all quiet on the isis front? - Remote Control Project

Mar 1, 2017 - Minor, Jon Moran, Michael Pryce, Julian Richards, Peter Roberts, Paul Rogers, Javier .... the world to plan, enable and inspire groups ... and burgeoning access to the internet, the ... Sunday Mirror each ran stories on UK plans.
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ALL QUIET ON THE ISIS FRONT? British secret warfare in an information age Emily Knowles and Abigail Watson

This report has been written by Remote Control, a project of the Network for Social Change hosted by Oxford Research Group. The project examines changes in military engagement, with a focus on remote control warfare. This form of intervention takes place behind the scenes or at a distance rather than on a traditional battlefield, often through drone strikes and air strikes from above, with Special Forces, intelligence agencies, private contractors, and military training teams on the ground. Emily Knowles is Remote Control’s project manager. Abigail Watson is a Research Officer with Remote Control. We would like to extend our heartfelt thanks to the many people who have given up time and shared their knowledge with us for this report. Some of them, often still in serving or official positions, have preferred to remain anonymous and are not named here. None of them bear responsibility for any of the opinions (or errors) in this report, which are the authors’ own. In alphabetical order: Dapo Akande, Richard Aldrich, Malcolm Chalmers, Lindsay Clarke, Chris Cole, Rory Cormac, Ian Davis, Joseph Devanny, Anthony Dworkin, Frank Foley, Ulrike Franke, Chris Fuller, Jennifer Gibson, Anthony Glees, Michael Goodman, Jim Killock, Ewan Lawson, Peter Lee, Elizabeth Minor, Jon Moran, Michael Pryce, Julian Richards, Peter Roberts, Paul Rogers, Javier Ruiz Diaz, Paul Schulte, Namir Shabibi, Adam Svendsen, Jack Watling, Nicholas Wheeler, and Chris Woods. We would also like to acknowledge the expertise that was shared with us by the Institute for Conflict, Cooperation and Security at the University of Birmingham and the University of Oxford, which has been truly invaluable.

Published by Remote Control, March 2017 Remote Control Oxford Research Group Development House 56-64 Leonard Street London EC2A 4LT United Kingdom +44 (0)207 549 0298 [email protected] The text of this report is made available under a Creative Commons license. Photographs remain the copyright of original holders. All citations must be credited to Remote Control. This report does not necessarily reflect the views of the experts consulted as part of the research process, and any mistakes that remain are categorically the authors’ own. Cover image: markusspiske Pixabay/ Creative Commons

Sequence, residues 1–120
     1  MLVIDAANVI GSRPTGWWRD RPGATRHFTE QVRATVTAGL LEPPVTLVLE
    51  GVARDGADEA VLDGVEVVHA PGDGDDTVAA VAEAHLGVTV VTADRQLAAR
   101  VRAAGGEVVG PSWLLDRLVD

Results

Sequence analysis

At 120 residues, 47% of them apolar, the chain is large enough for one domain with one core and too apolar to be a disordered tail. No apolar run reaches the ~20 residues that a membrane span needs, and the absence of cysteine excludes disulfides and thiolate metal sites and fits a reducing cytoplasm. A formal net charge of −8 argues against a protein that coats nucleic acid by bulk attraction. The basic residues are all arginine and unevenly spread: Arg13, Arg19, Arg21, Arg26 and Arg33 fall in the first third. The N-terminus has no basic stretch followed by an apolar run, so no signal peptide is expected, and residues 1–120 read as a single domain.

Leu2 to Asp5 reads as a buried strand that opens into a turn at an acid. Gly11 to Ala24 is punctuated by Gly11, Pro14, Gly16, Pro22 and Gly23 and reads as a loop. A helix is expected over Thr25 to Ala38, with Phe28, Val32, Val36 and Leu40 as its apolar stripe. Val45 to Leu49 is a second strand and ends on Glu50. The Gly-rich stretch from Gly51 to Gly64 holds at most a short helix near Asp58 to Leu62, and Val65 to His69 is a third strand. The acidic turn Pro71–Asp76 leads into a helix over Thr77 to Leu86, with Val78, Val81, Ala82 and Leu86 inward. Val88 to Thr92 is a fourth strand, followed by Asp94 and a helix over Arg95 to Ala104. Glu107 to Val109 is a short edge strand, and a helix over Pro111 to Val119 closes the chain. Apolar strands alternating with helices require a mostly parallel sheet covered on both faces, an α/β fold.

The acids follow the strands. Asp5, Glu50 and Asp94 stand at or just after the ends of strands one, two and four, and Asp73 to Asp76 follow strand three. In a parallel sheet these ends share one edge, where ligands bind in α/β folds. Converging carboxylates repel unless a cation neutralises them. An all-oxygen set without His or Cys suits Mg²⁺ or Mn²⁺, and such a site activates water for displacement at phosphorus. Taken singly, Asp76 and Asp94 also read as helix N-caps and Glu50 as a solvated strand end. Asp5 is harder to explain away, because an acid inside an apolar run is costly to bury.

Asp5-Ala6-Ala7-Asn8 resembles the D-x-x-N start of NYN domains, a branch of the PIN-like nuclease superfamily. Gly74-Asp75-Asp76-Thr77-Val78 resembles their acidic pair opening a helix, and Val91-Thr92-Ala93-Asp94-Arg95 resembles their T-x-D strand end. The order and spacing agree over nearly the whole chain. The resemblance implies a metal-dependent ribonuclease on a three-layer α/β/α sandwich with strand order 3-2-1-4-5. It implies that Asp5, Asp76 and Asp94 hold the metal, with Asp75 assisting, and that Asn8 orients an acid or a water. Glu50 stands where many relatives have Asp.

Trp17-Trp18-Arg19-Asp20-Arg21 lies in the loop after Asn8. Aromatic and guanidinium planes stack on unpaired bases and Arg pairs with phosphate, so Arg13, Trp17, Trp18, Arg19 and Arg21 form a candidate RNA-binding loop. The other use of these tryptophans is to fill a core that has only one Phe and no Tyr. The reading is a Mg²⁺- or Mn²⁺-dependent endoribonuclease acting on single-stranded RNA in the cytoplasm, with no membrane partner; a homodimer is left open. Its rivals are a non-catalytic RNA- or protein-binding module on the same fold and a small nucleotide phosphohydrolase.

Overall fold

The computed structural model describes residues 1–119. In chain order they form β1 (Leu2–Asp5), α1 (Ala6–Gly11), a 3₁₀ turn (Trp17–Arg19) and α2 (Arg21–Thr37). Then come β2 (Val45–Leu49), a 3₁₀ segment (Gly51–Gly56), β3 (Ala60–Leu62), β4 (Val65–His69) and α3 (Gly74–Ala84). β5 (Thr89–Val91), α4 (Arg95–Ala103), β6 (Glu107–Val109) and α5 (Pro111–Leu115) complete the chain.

Contents Introduction

A golden age of remote warfare? Secret warfare in an information age The accountability gap

1 2 4 6

Case 1: the use of armed drones

8 8 9 11 15

Case 2: the use of Special Forces

16 16 18 19 19 20 20 20 20 21 22 24 27

Introduction Providing capabilities outside areas of declared hostilities - Syria - Somalia - Pakistan - Yemen - The UK’s role in aiding the Saudi-led coalition Patchy government transparency - Scrutiny of embedded troops - Oversight of intelligence-sharing - The role of the ISC - Neither confirm nor deny Conclusions

Case 3: sharing capabilities with allies

28 28 28 30 31 32 32 33 35 35 36 38 39 39

Conclusion: greater secrecy is not always good strategy


Armed drones Special Forces Embedded troops Intelligence-sharing

Policy recommendations

41 41 41 42 42



Introduction Faltering government transparency Confusion over government policies Conclusions

Introduction The golden age of Special Forces - Libya - Somalia - Yemen - Afghanistan - Syria - Iraq The blanket opacity policy Lack of legislative oversight Culture of no comment Conclusions

Introduction In May 2016, the Secretary of State for Defence, Michael Fallon, appeared to put to bed rumours of a pending British troop deployment to Libya1 with the statement that: “we do not intend to deploy ground forces in any combat role. Before engagin